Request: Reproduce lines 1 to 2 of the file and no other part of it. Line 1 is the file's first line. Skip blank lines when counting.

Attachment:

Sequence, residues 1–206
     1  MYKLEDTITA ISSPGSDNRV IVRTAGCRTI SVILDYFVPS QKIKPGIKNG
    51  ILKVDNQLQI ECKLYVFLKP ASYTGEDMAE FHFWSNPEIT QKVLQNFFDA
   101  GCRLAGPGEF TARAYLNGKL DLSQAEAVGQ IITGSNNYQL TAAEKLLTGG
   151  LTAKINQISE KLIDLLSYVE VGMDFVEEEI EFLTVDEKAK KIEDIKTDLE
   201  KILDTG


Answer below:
Sequence, residues 1–206
     1  MYKLEDTITA ISSPGSDNRV IVRTAGCRTI SVILDYFVPS QKIKPGIKNG